38

I'm trying to verify the existence of a Url using HttpWebRequest. I found a few examples that do basically this:

HttpWebRequest request = (HttpWebRequest)HttpWebRequest.Create(Url);
request.Method = "HEAD";
using (HttpWebResponse response = request.GetResponse() as HttpWebResponse)
{
    return response.StatusCode;
}

However, if the url is indeed broken, it's not returning a response, it's instead throwing an exception.

I modified my code to this:

try
{
    HttpWebRequest request = (HttpWebRequest)HttpWebRequest.Create(Url);
    request.Method = "HEAD";
    using (HttpWebResponse response = request.GetResponse() as HttpWebResponse)
    {
        return response.StatusCode;
    }
}
catch (System.Net.WebException ex)
{
    var response = ex.Response as HttpWebResponse;
    return response == null ? HttpStatusCode.InternalServerError : response.StatusCode;
}

which seems to finally do what I want.

But I would like to know, why is the request throwing an exception instead of returning the response with a NotFound status code?

70

Ya this can be quite annoying when web pages use status codes heavily and not all of them are errors. Which can make processing the body quite a pain. Personally I use this extension method for getting the response.

public static class HttpWebResponseExt
{
    public static HttpWebResponse GetResponseNoException(this HttpWebRequest req)
    {
        try
        {
            return (HttpWebResponse)req.GetResponse();
        }
        catch (WebException we)
        {
            var resp = we.Response as HttpWebResponse;
            if (resp == null)
                throw;
            return resp;
        }
    }
}
4
  • 6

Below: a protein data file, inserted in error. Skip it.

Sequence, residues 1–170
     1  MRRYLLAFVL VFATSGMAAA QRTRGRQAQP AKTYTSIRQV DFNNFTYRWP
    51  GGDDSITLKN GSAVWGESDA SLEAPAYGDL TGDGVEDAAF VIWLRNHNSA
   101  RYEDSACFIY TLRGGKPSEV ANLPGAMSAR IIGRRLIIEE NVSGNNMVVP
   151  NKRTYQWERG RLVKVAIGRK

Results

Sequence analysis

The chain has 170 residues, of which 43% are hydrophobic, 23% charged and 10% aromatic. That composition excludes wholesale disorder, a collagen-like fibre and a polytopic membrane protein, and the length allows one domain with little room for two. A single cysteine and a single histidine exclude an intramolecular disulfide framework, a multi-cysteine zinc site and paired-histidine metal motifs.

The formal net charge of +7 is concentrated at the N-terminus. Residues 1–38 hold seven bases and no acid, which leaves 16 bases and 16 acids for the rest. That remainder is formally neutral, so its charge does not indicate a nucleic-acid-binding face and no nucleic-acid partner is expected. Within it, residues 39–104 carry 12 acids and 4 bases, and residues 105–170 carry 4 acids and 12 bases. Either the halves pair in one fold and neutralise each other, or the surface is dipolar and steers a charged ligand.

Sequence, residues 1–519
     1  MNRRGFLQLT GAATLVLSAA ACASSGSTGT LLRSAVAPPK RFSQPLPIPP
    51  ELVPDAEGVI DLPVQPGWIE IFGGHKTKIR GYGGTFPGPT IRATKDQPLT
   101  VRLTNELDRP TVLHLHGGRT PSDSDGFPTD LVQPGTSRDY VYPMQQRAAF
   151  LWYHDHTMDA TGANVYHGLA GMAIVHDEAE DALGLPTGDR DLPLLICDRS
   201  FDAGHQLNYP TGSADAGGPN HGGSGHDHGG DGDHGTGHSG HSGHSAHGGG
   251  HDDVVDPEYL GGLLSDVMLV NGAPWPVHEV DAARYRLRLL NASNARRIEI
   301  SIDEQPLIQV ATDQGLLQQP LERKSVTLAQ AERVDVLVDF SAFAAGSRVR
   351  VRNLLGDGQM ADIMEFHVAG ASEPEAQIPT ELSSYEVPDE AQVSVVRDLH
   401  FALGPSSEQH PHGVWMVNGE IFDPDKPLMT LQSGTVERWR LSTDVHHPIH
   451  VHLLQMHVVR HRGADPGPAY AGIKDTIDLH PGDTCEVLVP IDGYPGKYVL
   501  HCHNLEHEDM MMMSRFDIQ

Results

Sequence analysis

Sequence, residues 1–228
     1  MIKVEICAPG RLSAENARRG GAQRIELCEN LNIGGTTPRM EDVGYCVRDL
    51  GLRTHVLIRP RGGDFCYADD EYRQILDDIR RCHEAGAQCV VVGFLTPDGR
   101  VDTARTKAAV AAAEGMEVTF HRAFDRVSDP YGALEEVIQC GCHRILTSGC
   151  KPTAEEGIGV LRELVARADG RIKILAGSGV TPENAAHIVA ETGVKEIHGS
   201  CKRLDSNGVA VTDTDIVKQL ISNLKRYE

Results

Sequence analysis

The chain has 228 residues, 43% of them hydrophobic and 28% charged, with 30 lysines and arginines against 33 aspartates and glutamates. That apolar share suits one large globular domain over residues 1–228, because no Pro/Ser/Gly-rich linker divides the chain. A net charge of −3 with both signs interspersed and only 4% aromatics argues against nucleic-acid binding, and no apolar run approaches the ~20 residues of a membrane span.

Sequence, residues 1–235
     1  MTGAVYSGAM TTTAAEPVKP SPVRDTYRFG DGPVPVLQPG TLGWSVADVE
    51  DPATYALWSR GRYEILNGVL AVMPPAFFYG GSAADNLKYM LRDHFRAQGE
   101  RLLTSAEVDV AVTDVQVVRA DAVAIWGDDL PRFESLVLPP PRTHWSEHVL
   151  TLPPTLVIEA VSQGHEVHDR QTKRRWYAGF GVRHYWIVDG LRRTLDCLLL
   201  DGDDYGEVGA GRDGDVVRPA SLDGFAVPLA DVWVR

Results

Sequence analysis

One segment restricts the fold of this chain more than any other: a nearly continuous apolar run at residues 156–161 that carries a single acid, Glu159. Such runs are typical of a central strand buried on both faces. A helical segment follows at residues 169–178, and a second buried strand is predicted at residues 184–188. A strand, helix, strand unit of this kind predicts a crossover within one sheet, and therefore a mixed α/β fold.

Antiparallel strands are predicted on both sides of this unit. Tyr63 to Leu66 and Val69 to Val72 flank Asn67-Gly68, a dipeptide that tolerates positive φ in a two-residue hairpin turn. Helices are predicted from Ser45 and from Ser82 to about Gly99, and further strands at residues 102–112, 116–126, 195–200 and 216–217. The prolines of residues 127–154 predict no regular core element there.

While this is the least work to save code using HttpWebRequest/Response from this bad design choice on the .Net Framework authors' part, the correct solution is to use HttpClient, which does not throw on 4xx and 5xx status codes. Exceptions are meant for exceptional situations, and throwing just to catch it and proceed as though it's fine like this is ugly and bad for performance, especially given there's a better option that avoids it entirely. msdn.microsoft.com/en-us/library/hh138242(v=vs.118).aspx – Chris Moschini Jun 22 '15 at 22:58
  • 4
    this does not appear to be true; I'm using HttpClient in a project and when calling a url that does not exist which returns a 404 status code, the client is throwing an exception instead of returning a response with the 404 status code. is there an extra step in using httpclient to prevent this? – SelAromDotNet Apr 12 '17 at 17:17
  • In my case HttpClient throws exception on 400 Bad Request. – Mariusz Dec 19 '18 at 13:43
  • In my case an AggregateException was thrown and the InnerException was a WebException. – sdgfsdh Jun 25 '20 at 15:42
3

Why not? They're both valid design options, and HttpWebRequest was just designed to work this way.

6
  • 6
    I guess I was confused, because none of the code samples I saw for this took this into consideration. many didn't even have a try/catch, and I was wondering if perhaps I missed something and there is a way to get the status without throwing an exception. it just seems counterintuitive to throw an entire exception if the statuscode is designed to handle such a status – SelAromDotNet Apr 10 '12 at 1:07
  • 1
    Yeah, it always leads to interesting results when you think that "of course xxx tested the line of code he put on his website!" and you turn out to be mistaken :) – Mahmoud Al-Qudsi Apr 10 '12 at 1:35
  • 8
    But Microsoft recommends to avoid exception where possible as it can negatively impact performance. msdn.microsoft.com/en-us/library/ms229009.aspx – Ramesh Apr 10 '12 at 4:59
  • 12
    this is another reason I believe this to be unintuitive. if the response can capture 404 as a status code then I don't think that should be considered an exception. the request completed, it just didn't find anything. – SelAromDotNet Apr 12 '13 at 15:48
  • 1
    @MahmoudAl-Qudsi, I'm glad they didn't decide to return exception for 3xx and 20x too, just because you can catch them later! 404 is not an exception and clearly is not an exception on client side, but server side which is another machine which need to handle the exception. and exception on my side means I did something wrong! – AaA Nov 8 '17 at 10:43

Your Answer

By clicking “Post Your Answer”, you agree to our terms of service, privacy policy and cookie policy

Not the answer you're looking for? Browse other questions tagged or ask your own question.